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Wednesday, February 21, 2018
How will the body of Ian Brady be disposed of?

How will the body of Ian Brady be disposed of?

Ian Brady, didn't die anywhere near horribly enough
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Serial child killer Ian Brady will be cremated without his final wishes being respected.

The Moors Murderer, who died five months ago aged 79, wanted to be cremated while a macabre piece of classical music which envisages a Satanic orgy was played.

Brady, who tortured and murdered five children in the 1960s with Myra Hindley, was rumoured to have requested his ashes were then scattered either on the Saddleworth Moors, where he buried his victims, or in Glasgow where he was born.

More – What to do with the shabby remains of vile killers?

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None of those requests will be permitted thanks to a legal ruling this week.

A High Court judge said Brady’s body must be disposed of without ceremony or music.

Tameside Council in Greater Manchester will then arrange the disposal of his ashes.

Brady died in May aged 79 but still hasn’t been cremated 
Saddleworth Moor where Brady and Hindley buried four of their victims (Image: Reuters)

The families of Brady’s victims breathed a sigh of relief at that ruling but now face an anxious wait to find out the full details of exactly what has happened and when.

The Chancellor of the High Court, Sir Geoffrey Vos, said details of Brady’s cremation cannot be made public until a week after it has happened.

Terry West, the brother of Lesley-Ann Downey who was murdered aged 10 told the Mail on Sunday: “My little sister didn’t get to choose how she was buried, so I can’t see why that evil swine should have any say in what happens to him.

“If I had my way, I would just flush his ashes down the toilet.”

A judge ruled Brady must not be cremated to the macabre music he requested (Image: Hulton Archive)

Brady, who used the name Ian Stewart-Brady, died on May 15 this year but his body remains in a secret location.

The twisted killer wanted the fifth movement of Hector Berlioz’s Symphonie Fantastique played at his funeral – a piece that the composer envisaged as a ‘witches sabbath’, where hideous monsters gathered to laugh at a burial.

But Judge Vos said it would be ‘legitimately offensive’ to the families of Brady’s victim’s to have the music played.

Sir Geoffrey had been asked by two local authorities to make decisions relating to the disposal of the serial killer’s body so that it can be “lawfully and decently disposed of without further delay”.

Brady’s final wishes will not be respected, a court ruled (Image: Manchester Evening News)
Myra Hindley died in 2002 (Image: AFP)

In his ruling, the judge said: “As to the playing of the fifth movement of the Symphony during the cremation, I need only quote the description of that movement from Wikipedia for it to be seen how inappropriate it would be:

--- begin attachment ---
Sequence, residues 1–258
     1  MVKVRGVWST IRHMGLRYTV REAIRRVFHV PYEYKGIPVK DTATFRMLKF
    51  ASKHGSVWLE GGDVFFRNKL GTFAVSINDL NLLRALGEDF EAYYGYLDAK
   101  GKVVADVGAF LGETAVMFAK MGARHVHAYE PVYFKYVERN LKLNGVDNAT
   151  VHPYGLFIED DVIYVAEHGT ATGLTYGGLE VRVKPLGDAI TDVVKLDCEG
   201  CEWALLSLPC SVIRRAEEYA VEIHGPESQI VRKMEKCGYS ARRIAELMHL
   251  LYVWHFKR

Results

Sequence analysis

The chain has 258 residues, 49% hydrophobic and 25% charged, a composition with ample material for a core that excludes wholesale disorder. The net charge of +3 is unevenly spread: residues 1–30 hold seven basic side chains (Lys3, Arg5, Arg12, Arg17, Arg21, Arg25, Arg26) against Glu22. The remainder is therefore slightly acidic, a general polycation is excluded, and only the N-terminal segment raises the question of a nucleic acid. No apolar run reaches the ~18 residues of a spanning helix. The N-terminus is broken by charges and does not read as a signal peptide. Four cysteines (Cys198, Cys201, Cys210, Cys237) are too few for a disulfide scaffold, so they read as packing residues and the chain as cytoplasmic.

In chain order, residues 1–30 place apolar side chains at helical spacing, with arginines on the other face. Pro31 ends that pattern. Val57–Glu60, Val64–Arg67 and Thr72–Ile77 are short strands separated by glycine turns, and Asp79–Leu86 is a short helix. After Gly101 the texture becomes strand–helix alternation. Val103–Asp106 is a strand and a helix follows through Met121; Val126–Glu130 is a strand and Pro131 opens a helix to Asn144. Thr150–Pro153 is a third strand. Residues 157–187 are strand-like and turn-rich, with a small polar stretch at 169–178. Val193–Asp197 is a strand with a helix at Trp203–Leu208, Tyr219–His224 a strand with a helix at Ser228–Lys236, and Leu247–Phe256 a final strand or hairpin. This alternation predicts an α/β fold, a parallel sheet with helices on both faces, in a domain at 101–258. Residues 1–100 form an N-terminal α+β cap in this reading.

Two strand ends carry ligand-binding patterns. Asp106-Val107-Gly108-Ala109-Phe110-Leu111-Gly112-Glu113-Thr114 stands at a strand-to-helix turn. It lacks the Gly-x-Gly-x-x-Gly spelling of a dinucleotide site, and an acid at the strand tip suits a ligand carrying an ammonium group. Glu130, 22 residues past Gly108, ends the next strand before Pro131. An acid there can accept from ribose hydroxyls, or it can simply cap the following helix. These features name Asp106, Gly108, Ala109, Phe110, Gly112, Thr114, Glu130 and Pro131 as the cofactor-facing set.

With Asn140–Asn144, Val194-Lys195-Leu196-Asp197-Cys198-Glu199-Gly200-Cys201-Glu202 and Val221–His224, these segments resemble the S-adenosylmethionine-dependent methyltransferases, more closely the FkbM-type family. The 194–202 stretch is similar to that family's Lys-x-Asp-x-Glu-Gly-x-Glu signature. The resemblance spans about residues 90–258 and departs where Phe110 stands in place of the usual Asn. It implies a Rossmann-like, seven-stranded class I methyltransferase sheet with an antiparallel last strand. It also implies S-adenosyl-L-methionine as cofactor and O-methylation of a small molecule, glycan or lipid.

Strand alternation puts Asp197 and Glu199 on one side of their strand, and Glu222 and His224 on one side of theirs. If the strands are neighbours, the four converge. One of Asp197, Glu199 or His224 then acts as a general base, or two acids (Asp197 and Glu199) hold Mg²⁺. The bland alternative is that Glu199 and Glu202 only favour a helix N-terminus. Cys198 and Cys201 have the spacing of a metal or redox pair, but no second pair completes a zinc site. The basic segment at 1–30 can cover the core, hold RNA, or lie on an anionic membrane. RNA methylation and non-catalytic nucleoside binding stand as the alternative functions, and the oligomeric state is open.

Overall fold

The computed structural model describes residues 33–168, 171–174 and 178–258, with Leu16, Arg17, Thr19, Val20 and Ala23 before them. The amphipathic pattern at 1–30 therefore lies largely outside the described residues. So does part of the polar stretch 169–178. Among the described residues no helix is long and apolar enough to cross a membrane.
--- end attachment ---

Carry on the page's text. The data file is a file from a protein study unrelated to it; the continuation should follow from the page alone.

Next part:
“‘Fifth movement: “Songe d’une nuit du sabbat” (Dream of the Night of the Sabbath): In both the program notes, Berlioz wrote:

“‘[The musician] sees himself at a witches’ sabbath, in the midst of a hideous gathering of shades, sorcerers and monsters of every kind who have come together for his funeral.

“‘Strange sounds, groans, outbursts of laughter; distant shouts which seem to be answered by more shouts.

“‘The beloved melody appears once more, but has now lost its noble and shy character; it is now no more than a vulgar dance tune, trivial and grotesque: it is she who is coming to the sabbath … Roar of delight at her arrival … She joins the diabolical orgy …

“‘The funeral knell tolls, burlesque parody of the Dies irae, the dance of the witches …’.

“I have no difficulty in understanding how legitimate offence would be caused to the families of the deceased’s victims once it became known that this movement had been played at his cremation. I decline to permit it.”

Four of Brady and Hindley’s victims were buried on Saddleworth Moor in the south Pennines.

Oldham and Tameside councils, which cover the hilly area near Manchester, made an application at the High Court to block Brady’s ashes being scattered on Saddleworth Moors, where his victims are buried.

At the inquest in May, Coroner Christopher Sumner had sought assurances the ashes would not be scattered there.

Lesley Ann Downey is one of the victims (Image: Getty)
Ian Brady and Myra Hindley (Image: Press Association)

Amid protests from Brady’s lawyer Robin Makin, Mr Sumner said he did not have the power to make the request but believed it was the “right moral judgement”.

But where the remains are finally disposed of will remain secret under a High Court order, made after the councils gave notice of their legal application.

The killer’s legal team has refused to reveal Brady’s funeral wishes, saying they would emerge in “due course”.

He came from Glasgow and the city’s council said no funeral directors­ would scatter his ashes in Glasgow. His body is now held at a secret location.

The pair were jailed for life for torturing and murdering John Kilbride, 12, Lesley Ann Downey, 10, and Edward Evans, 17.

They admitted killing Pauline Reade, 16, and Keith Bennett, 12, whose body has never been found.

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